Apr 24, 2016 rated it it was ok
This could have been a great tale. Dystopian. Fantastic. Full of interesting characters, but the dialogue is as weak as the plot is engaging. This story could have been a classic; instead it is a literary miss. Sad.
Paul Freeman
Jan 31, 2017 rated it really liked it  ·  review of another edition
Good story. I particularly enjoyed the dystopian world created by the author.
3.5/5 Rating Review originally posted at MyLifeMyBooksMyEscape

Fantastic history to this world

*Disclaimer: I was provided with a review copy from the publisher in exchange for my honest opinion and review

Zombies, machines relics, prehistoric beasts, angels and heaven, and knights. These things may not seem like they would belong together, but for this story they do. Guy Haley has taken these seemingly unrelated items, and put them together to create a truly fantastic world and history.

Abney and hi/>Fantastic
Rachel (TheShadesofOrange)
Jun 02, 2019 rated it really liked it
Shelves: fantasy
4.0 Stars
This is a fantastic example of a story that seamlessly blends together elements of fantasy, science fiction and horror into a cohesive narrative. While the plot was fairly predictable, I still thoroughly enjoyed the reading experience. From the first sentence, I was drawn to Quinn. He is a pretty classic badass character, yet I still loved reading about him. The story is told from the perspective of a child, which isn’t normally my favourite narrative choice, but it worked fairly well in th
May 29, 2016 rated it really liked it
In the not so distant future, in a world where the dead walk and the angels rule everything, a boy and his mother undertake a treacherous journey to find their only living relative. The only thing standing between them and an army of zombies (and worse) is a knight who refuses to wear his badge.

Quinn is an agent of the angels, one of the only remaining knights in existence. But in the wake of the war and following the death of the Emperor, there's not much for a knight to do - offici
Book Haunt
This book is told from the POV of Abney, a 12 year-old boy that was born in the year of the Dominion of Angels 1097. Abney and his mother Sarah Hollister are on the road, trying to get from the destruction of their hometown to safety with a cousin in the town of Winfort.

The two must cross the Emperor’s Railroad in Charleston, Virginia to get to Winfort. So much easier said than done in the day and age that they live in. The Kingdom of Virginia is in constant turmoil. The states have been at war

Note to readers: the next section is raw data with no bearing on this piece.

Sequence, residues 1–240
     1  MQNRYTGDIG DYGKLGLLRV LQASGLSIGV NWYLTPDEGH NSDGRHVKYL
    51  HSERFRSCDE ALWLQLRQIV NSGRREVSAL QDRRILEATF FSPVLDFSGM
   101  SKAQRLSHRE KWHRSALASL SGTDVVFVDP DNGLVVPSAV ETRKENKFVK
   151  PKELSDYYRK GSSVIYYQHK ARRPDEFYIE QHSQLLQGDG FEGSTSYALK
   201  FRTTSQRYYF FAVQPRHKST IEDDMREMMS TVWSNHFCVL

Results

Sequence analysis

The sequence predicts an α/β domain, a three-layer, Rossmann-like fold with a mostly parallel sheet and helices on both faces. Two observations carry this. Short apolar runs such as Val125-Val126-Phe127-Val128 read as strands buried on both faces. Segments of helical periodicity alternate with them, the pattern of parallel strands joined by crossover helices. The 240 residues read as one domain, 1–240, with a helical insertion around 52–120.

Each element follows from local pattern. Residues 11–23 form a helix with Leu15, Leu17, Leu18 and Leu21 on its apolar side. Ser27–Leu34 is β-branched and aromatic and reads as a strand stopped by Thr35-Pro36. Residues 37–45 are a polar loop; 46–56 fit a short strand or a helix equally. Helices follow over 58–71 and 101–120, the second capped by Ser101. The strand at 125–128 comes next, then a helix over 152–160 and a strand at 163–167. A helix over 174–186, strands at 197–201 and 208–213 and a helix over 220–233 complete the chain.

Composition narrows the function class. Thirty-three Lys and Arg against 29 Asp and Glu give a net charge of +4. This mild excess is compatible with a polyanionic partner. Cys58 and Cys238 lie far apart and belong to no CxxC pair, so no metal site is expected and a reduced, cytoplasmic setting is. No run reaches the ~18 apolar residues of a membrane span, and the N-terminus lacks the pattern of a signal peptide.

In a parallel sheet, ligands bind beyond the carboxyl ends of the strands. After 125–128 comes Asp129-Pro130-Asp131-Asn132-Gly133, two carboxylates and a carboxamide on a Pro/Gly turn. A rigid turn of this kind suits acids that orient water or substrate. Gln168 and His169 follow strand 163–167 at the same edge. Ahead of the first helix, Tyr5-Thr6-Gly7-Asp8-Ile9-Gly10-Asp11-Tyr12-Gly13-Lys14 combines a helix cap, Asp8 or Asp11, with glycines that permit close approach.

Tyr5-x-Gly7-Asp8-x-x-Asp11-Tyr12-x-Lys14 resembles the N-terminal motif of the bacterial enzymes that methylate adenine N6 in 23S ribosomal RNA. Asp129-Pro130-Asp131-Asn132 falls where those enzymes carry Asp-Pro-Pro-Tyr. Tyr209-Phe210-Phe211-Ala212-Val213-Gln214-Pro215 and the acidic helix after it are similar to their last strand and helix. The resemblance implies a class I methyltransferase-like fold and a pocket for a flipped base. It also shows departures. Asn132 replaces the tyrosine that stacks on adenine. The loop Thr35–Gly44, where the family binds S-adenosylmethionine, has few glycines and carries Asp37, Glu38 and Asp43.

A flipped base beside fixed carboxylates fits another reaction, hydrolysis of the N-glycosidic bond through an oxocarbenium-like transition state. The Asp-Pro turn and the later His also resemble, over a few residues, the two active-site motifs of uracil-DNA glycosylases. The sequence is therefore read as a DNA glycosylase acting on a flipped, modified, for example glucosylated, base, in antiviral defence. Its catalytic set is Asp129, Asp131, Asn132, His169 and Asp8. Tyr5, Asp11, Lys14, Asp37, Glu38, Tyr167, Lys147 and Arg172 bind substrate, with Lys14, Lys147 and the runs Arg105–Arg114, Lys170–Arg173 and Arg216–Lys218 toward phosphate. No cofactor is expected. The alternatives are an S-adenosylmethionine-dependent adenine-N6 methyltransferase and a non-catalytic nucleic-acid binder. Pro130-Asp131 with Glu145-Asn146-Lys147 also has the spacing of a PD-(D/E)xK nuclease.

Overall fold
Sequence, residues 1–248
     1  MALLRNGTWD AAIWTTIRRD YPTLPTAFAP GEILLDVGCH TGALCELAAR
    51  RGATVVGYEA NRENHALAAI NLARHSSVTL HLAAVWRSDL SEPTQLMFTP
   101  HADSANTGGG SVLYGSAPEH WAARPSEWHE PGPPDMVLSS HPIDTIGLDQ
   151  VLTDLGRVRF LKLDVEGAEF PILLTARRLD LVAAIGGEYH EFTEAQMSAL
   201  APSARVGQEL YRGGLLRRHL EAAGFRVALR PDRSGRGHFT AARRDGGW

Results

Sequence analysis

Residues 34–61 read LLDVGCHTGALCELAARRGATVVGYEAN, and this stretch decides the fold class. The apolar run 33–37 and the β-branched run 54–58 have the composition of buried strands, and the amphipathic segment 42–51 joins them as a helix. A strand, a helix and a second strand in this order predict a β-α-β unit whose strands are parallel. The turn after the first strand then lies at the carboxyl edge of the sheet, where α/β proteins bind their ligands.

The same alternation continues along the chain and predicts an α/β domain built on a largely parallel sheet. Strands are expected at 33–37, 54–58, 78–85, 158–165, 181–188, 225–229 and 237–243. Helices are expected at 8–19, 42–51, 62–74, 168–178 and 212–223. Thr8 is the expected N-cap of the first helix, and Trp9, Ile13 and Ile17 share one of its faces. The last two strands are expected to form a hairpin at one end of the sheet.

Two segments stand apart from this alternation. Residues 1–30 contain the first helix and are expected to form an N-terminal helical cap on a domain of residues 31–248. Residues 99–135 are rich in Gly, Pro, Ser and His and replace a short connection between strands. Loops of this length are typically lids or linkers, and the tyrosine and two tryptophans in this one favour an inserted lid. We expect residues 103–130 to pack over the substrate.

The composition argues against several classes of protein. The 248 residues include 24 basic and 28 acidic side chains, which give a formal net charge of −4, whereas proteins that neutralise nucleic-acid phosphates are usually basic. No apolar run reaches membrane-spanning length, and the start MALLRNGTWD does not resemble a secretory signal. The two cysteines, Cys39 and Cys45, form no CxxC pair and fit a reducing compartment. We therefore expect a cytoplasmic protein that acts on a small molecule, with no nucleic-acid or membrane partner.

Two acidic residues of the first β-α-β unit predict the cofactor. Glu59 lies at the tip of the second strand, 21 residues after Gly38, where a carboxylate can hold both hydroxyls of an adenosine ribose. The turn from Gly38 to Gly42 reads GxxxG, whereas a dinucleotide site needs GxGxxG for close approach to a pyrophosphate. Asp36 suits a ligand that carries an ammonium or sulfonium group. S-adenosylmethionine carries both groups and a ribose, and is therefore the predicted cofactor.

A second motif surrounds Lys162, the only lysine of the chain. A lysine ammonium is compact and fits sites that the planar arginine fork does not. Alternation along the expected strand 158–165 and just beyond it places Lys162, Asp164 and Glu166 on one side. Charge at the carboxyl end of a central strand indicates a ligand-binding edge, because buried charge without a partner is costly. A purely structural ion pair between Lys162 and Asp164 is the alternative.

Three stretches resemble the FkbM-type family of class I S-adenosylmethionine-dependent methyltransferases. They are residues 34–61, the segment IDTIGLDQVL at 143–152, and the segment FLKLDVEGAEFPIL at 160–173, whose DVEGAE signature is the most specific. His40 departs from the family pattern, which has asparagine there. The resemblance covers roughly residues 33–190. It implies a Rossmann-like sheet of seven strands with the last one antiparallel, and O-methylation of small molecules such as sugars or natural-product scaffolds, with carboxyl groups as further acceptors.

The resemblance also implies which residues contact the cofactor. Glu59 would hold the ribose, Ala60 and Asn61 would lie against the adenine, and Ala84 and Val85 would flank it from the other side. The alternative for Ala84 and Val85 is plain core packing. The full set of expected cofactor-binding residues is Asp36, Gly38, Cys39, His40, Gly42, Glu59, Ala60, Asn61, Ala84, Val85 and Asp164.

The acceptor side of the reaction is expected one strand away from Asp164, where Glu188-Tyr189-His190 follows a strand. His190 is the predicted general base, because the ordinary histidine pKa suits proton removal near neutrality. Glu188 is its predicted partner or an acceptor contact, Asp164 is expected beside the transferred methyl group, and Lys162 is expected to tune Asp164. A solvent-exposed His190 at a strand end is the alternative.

Dec 29, 2016 rated it really liked it  ·  review of another edition
The Tor novella series has been pretty reliable this year. I haven't liked all the ones I've read, but of the ones I did like, I liked them quite a bit. I'm usually hesitant to read shorter works, since I don't always feel like they have enough time to develop plots and characters enough, but I also believe that a work should only be as long as necessary, and they've hit that mark well. The Emperor's Railroad is another good one.

The novella is set in the future of our world, after a
Sachin Dev
Apr 06, 2016 rated it liked it
This is probably my grouch against a novella - that it conceals much more than what is revealed. And that is my chief concern about this novella. There is a lot of intrigue, a lot of suspense built up but ultimately, there wasn't any pay-off for me as a reader.

I loved the story - no doubts about that part. This was my introduction to Guy Haley and he did have my attention right from the start. Narrator Abney recounts his first meeting with a Knight of the Dreaming Cities, Quinn who saves him an
Mar 24, 2016 rated it really liked it
Just finished this one in a sitting! I was thoroughly enthralled throughout. It was told in one of my favorite methods - old person reminiscing about their life or a memory. The vernacular was simplistic to match the mood/world, but it fit really well with the way the story was being told and who the narrator was. It reminded me a lot of how Mark Twain told many of his stories.

The world building was impressive given the short length of this novella. I fell right into the world from t
Apr 07, 2016 rated it liked it
Shelves: llegits-2016
A strange mixture of zombies, knights, angels and dragons in a post-apocaliptic setting. It's interesting and exciting sometimes, but I need more information about what had happened to our world to fully enjoy the experience. Waiting for the next novella located in this universe.

English review:
Spanish review:
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Guy Haley is the author of Crash, Champion of Mars, the Richards and Klein series, The Dreaming Cities and others. He is a prolific contributor to Games Workshop's Black Library imprint having written books including the bestselling Dark Imperium, Dante, Pharos and The Devastation of Baal.

Other books in the series

Dreaming Cities (2 books)
  • The Ghoul King (Dreaming Cities, #2)